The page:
foremost on my list would be astrology.
    are there really any others?
    telepathy perhaps?
    is it really pseudoscience?
    does "mysterious" enter into the definition?

    i think a lot of the problem may be related to "us versus them" instead of the actual point in question.

    but yeah, the science section of the forum should be ruled pretty heavily.
    a person must know what they are talking about when posting there.
    "must know" as in following sound logic or presenting suitable cites.
     
  18. leopold Valued Senior Member

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    again, what is non science?
    instincts are non science, but yet its knowledge.
    forming and expressing opinions is non science.
    sounds fair.
    a relatively detailed PM should be sent to first time offenders to try to explain why.
    sounds fair.
    there's that definition again, what is "actual science"?
    would you consider "following sound logic" actual science?
    it all sounds good, the question is, are you and your team up to the task?
    wait a minute, isn't this what is needed to carry out your proposal, to decide what is and is not "science"?
    what if those "findings" happen to be disputed?
    it sounds fair.
    as usual, it will all come down to definitions.
    once you get the problem defined, it should be a simple matter of "correcting" it.
    maybe the members can help with "problem" definitions.
    astrology would be the first thing i kicked out
    i voted with my opinion.
     
  19. GeoffP Caput gerat lupinum Valued Senior Member

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    It's conceivably a good idea, so long as those moderators have the required expertise to differentiate woo-woo from whoa.
     
  20. James R Just this guy, you know? Staff Member

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    We've had entire threads on that. Here's just one:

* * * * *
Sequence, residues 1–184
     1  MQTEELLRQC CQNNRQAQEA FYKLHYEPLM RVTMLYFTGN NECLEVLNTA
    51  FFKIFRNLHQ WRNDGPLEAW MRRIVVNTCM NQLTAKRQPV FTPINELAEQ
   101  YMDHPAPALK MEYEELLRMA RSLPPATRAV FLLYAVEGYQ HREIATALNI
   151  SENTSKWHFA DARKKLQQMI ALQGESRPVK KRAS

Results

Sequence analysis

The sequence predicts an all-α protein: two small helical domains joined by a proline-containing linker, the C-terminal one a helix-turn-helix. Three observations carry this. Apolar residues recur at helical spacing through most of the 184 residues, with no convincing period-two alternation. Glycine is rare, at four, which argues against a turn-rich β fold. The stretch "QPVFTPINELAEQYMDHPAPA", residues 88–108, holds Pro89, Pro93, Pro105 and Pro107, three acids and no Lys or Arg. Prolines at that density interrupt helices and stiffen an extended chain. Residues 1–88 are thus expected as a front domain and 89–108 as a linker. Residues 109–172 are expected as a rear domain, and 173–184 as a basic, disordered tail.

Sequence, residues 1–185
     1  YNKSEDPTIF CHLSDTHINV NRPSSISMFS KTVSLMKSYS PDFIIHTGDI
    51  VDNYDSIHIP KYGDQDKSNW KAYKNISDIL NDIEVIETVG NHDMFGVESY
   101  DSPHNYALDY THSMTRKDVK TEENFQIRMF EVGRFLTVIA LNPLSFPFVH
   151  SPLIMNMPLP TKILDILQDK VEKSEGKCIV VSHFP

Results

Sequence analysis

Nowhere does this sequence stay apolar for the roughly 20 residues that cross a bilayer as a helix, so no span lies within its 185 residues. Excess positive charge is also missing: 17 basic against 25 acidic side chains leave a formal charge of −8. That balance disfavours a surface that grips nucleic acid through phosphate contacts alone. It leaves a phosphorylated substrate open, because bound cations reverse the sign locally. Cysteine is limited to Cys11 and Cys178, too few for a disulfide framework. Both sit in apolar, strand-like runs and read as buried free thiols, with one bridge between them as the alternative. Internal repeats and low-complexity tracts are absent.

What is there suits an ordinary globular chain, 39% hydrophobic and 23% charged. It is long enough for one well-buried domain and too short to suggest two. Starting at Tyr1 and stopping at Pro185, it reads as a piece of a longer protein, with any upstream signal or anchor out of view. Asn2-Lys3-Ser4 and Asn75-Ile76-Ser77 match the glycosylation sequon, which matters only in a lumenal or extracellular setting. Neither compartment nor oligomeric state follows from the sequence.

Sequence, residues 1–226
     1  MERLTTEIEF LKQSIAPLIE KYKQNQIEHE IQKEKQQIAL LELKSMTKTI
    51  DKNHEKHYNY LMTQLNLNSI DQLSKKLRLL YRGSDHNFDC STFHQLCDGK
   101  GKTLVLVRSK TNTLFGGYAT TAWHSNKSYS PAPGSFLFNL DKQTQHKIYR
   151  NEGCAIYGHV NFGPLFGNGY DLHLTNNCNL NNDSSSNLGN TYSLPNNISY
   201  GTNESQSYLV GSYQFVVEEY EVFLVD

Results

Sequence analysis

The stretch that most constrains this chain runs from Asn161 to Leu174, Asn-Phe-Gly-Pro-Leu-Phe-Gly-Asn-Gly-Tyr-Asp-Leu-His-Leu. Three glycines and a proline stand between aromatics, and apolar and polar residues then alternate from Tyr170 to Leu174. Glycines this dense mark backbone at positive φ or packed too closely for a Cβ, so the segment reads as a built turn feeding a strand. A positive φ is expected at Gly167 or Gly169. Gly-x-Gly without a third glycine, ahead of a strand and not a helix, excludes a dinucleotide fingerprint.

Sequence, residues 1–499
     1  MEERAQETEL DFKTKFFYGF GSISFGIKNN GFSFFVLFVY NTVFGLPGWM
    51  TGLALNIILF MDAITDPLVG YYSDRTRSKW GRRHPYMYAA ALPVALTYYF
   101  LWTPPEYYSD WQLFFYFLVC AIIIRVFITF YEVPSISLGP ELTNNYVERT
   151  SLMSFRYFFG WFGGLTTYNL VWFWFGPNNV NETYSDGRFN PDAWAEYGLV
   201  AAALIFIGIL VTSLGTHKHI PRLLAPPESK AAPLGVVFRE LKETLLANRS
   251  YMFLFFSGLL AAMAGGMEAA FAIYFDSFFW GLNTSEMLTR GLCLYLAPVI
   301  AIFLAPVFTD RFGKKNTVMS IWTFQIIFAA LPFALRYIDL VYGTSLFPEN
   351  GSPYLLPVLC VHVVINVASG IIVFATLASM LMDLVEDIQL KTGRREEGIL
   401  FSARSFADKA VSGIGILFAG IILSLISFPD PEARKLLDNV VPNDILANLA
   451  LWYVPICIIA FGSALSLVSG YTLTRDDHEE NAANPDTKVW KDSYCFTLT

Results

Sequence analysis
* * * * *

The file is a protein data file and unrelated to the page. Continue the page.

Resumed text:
http://www.sciforums.com/threads/science-and-pseudoscience-a-primer.18984/

    It is possible to have scientific discussions about astrology and telepathy. Both have been scientifically investigated. It would be fair to say, though, that "believers" in either of those things generally aren't doing science.

    I think a lot of the problem is that pseudoscientists don't usually understand what science is or how it is done.

    Once again, the topic of instincts can be discussed in a scientific way. Biologists do it all the time.

    No. Scientists regularly form and express opinions.

    No. Science is the study of the natural world. Logic isn't about the natural world.

    To some extent. That's a different and usually much easier question than "Is this science right or wrong?". If there's any doubt about whether something is or isn't science, we'll give it the benefit of the doubt. Mostly, pseudoscience isn't hard to spot if you have a little experience and knowledge.

    It depends on what kind of dispute you're talking about. If the dispute amounts to denial in the face of overwhelming evidence - e.g. your own denial of evolution - then that kind of "dispute" is imaginary and won't save the pseudoscientist. On the other hand, if there's a legitimate scientific debate going on, or an unresolved scientific question to be answered, then the fact that there's a dispute wouldn't turn science into psuedoscience.

    Scientists disagree with one another over many things, especially at the frontiers of knowledge (which is where they work).
     
  21. James R Just this guy, you know? Staff Member

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    Mostly, it's not rocket science to sort the woo from the science. Borderline cases should always be given the benefit of the doubt.
     
  22. GeoffP Caput gerat lupinum Valued Senior Member

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    Well, I know my own field, but I can't speak to mathematics or physics.
     
  23. rpenner Fully Wired Staff Member

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    The sterility of an argument from authority is probably not obvious to those that have never supported empiricism. You have to have an open mind and an ability to fairly weigh the evidence and arguments for both sides of a proposition before judging it as acceptable, possibly acceptable at some later date, or unacceptable.

    A purported quote or other reliance on an authority figure is not the same thing as a well supported argument based on all the evidence. For one, the authority is necessarily rooted in the past and may have not had access to the modern totality of evidence. Secondly, even the best authorities get things wrong in ways small (typos) and large (misguided rejection of well-supported arguments). Thirdly, some authorities speak on a wide range of topics, including those where they have no basis. Fourthly, some authorities write on their subject matter for average audiences in quite a different manner than to their fellow experts, because they know only a dilettante would refuse to look past some popular press explanation or analogy. And finally, distortions intentional and accidental happen when an authority's statement in the past is transcribed, translated, edited, quoted, paraphrased, cited and interpreted.